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B-N LGBTQ groups and ISU decry Colorado club shooting

Pete Aldinger places flowers at a memorial outside of Club Q on Monday, Nov. 21, 2022, in Colorado Springs, Colo. Aldinger traveled from Denver with a friend to pay their respects.
Parker Seibold
Pete Aldinger places flowers at a memorial outside of Club Q on Monday, Nov. 21, 2022, in Colorado Springs, Colo. Aldinger traveled from Denver with a friend to pay their respects.

Bloomington-Normal groups and institutions are decrying the shooting at an LGBTQ nightclub in Colorado Springs over the weekend and calling for change in national culture and laws.

Illinois State University President Terry Goss Kinzy affirmed efforts to make the university a safe space. In a message to the campus community, Kinzy said she is in sorrow and the university denounces the hideous act.

"It is all the more painful that this tragedy occurred on the eve of Transgender Day of Remembrance. I will continue to work with the leaders of our LGBTQIA+-focused student and faculty/staff organizations as well as the President’s Diversity and Inclusion Advisory Council to evaluate our campus’ programs, policies, and processes to ensure that all voices are heard, and that Illinois State University is providing the support needed for every Redbird to feel safe and affirmed," said Kinzy.

The campuswide email comes as Kinzy and ISU ramp up efforts to change the climate following criticism by LGBTQ students who viewed a university response to anti-gay vandalism as merely tepid.

"As a campus, our vision to foster a sense of belonging and safety becomes a reality when we care for and support all members of Illinois State University," Kinzy said on Monday.

The Prairie Pride Coalition; the Bistro; McLean County Moms Demand Action for Gun Sense in America; and the Bloomington/Normal Chapter of PFLAG also are going public with their collective grief.

In statements, they called for a meaningful response to yet another mass shooting that has victimized the LGBTQ+ community.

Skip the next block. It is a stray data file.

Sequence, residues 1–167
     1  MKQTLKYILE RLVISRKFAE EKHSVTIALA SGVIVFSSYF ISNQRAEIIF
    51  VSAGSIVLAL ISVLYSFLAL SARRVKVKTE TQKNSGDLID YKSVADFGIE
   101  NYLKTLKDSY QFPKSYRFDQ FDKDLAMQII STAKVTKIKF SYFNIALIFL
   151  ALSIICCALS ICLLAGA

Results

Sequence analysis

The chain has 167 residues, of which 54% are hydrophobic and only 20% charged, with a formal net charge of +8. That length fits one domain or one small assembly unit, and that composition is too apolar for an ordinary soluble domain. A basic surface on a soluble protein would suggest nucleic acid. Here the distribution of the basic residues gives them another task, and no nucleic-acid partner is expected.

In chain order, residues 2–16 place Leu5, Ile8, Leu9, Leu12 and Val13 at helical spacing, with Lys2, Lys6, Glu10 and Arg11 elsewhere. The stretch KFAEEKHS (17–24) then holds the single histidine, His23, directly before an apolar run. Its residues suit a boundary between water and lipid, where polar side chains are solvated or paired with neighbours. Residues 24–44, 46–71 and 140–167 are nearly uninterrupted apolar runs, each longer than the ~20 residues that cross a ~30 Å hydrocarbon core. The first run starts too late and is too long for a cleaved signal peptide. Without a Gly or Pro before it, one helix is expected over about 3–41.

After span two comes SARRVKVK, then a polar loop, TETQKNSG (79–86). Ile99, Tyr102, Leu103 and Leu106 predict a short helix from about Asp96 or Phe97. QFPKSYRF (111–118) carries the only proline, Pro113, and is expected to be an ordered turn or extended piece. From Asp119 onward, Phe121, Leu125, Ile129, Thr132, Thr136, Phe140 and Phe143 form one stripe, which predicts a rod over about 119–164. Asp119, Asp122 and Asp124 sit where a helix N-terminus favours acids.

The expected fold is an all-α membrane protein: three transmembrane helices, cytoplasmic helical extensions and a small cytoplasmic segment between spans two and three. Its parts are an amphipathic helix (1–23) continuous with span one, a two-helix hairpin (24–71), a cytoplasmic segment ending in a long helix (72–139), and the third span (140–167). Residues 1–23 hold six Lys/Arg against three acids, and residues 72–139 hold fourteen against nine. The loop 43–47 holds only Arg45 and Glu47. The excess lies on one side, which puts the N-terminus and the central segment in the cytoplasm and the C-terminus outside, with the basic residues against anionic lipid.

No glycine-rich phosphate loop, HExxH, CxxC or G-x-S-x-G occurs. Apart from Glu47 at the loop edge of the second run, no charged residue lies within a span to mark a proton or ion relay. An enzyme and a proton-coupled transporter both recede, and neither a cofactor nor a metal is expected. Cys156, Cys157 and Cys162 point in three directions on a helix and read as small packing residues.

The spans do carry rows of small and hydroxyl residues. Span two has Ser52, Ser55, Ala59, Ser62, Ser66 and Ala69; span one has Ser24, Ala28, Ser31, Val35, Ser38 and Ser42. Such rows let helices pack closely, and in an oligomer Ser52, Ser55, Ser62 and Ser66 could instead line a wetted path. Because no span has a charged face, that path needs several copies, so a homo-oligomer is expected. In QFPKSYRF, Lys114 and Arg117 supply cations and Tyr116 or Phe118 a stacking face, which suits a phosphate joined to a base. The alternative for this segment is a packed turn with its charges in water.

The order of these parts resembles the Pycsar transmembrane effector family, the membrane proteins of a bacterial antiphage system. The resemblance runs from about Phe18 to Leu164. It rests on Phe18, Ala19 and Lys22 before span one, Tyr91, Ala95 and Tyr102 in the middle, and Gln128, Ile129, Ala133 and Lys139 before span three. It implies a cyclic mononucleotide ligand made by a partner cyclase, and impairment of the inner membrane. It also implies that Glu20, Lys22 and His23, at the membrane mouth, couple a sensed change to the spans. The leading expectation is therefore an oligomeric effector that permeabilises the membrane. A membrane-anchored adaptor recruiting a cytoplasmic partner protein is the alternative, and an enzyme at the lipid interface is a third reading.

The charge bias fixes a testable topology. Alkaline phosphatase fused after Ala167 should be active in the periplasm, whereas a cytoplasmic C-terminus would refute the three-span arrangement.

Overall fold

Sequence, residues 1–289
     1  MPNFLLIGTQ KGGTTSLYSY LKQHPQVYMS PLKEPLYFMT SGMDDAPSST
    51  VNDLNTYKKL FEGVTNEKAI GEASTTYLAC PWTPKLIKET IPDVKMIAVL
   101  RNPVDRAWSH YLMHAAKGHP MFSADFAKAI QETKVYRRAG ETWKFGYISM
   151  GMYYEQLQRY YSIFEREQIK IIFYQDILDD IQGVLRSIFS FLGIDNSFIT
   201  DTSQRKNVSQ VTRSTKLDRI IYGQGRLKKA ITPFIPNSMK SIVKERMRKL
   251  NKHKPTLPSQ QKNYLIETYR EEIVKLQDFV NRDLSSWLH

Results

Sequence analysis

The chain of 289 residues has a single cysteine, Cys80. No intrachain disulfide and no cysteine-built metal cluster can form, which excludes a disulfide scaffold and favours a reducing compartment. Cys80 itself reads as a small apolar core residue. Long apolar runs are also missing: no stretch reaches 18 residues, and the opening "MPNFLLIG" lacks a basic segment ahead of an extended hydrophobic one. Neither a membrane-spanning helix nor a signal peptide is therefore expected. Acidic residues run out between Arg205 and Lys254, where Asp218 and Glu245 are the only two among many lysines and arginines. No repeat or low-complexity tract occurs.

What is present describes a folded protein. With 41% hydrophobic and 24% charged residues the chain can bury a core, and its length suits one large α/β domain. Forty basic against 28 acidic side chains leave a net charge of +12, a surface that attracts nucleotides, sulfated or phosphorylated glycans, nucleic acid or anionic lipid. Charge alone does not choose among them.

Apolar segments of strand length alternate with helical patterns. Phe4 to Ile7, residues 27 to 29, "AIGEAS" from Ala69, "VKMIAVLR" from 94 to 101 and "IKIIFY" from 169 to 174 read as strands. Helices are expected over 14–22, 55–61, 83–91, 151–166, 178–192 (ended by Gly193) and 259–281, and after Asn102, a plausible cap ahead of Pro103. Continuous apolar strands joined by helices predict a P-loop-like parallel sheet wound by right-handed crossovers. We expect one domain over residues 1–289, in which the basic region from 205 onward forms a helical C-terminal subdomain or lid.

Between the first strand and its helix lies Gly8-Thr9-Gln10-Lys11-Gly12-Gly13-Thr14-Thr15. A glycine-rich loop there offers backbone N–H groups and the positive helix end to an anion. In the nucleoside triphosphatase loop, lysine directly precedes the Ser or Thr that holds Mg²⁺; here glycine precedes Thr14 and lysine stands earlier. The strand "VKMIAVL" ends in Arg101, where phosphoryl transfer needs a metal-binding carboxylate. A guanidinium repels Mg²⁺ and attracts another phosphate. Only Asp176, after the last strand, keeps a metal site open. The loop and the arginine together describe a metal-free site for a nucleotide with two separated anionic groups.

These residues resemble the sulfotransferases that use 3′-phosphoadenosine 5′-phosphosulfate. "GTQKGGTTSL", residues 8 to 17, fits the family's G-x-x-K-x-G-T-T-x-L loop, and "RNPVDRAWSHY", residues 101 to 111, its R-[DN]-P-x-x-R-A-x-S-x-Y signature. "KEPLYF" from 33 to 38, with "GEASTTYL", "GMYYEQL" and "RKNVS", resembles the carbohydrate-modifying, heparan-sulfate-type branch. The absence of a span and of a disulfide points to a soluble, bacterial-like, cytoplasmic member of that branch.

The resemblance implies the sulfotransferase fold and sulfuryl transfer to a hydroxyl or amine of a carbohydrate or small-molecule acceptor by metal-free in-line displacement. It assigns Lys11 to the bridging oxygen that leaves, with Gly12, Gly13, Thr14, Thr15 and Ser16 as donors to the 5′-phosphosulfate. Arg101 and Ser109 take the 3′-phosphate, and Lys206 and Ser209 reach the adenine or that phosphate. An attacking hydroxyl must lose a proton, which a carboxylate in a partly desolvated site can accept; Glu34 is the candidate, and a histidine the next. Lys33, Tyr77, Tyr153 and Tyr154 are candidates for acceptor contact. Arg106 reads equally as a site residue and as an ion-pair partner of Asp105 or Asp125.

The Prairie Pride Coalition vowed to resist the violence that not only seeks to end lives, but threatens to silence LGBTQ+ people and send them back into the closet.

"We mourn the loss of life in Colorado Springs, redouble our efforts to combat hate, and will continue to work together to make our nation better. We cradle and cherish The Bistro and other local spaces where members of our LGBTQ+ community find safety, inclusion, and a sense of belonging,” said the coalition in a statement.

Bistro owner Jan Lancaster said the attack is difficult to process.

"There are no answers, there is only hate and ignorance," said Lancaster, who called for more political activism to elect people who will fight for equal rights.

McLean County Moms Demand Action for Gun Sense in America said the shootings have created "another set of broken hearts and broken families."

"And the anticipated B.S. from some politicians and others that there is nothing to be done about it. Yes there is. We don’t have to live like this; our loved ones should never die like this," said the Moms Demand Action statement.

The Bloomington Normal chapter of PFLAG (Parents and Friends of Lesbians and Gays) said the violence is what happens when vitriol is left unchecked.

"When LGBTQ people are slowly being legislated out of existence, and everyone from legislators to hate groups to social media users use the same vile talking points about us, every day this is what happens. Devastation and violence. It starts with words, and continues to lead here, every time. Book bans. Don’t say gay. Violent protests at Pride. Bans on care for trans kids. Hundreds of pieces of anti-LGBTQ legislation. It always leads to this,” said PFLAG.

The groups called for greater use of red flag laws, and new commonsense laws to reduce the occurrence of such tragedies.

"As a group, we mourn the loss of life and continue our myriad efforts to make Bloomington/Normal a safer, welcoming environment for members of the local LGBTQ+ community and its allies," the groups said.

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WGLT Senior Reporter Charlie Schlenker has spent more than three award-winning decades in radio. He lives in Normal with his family.
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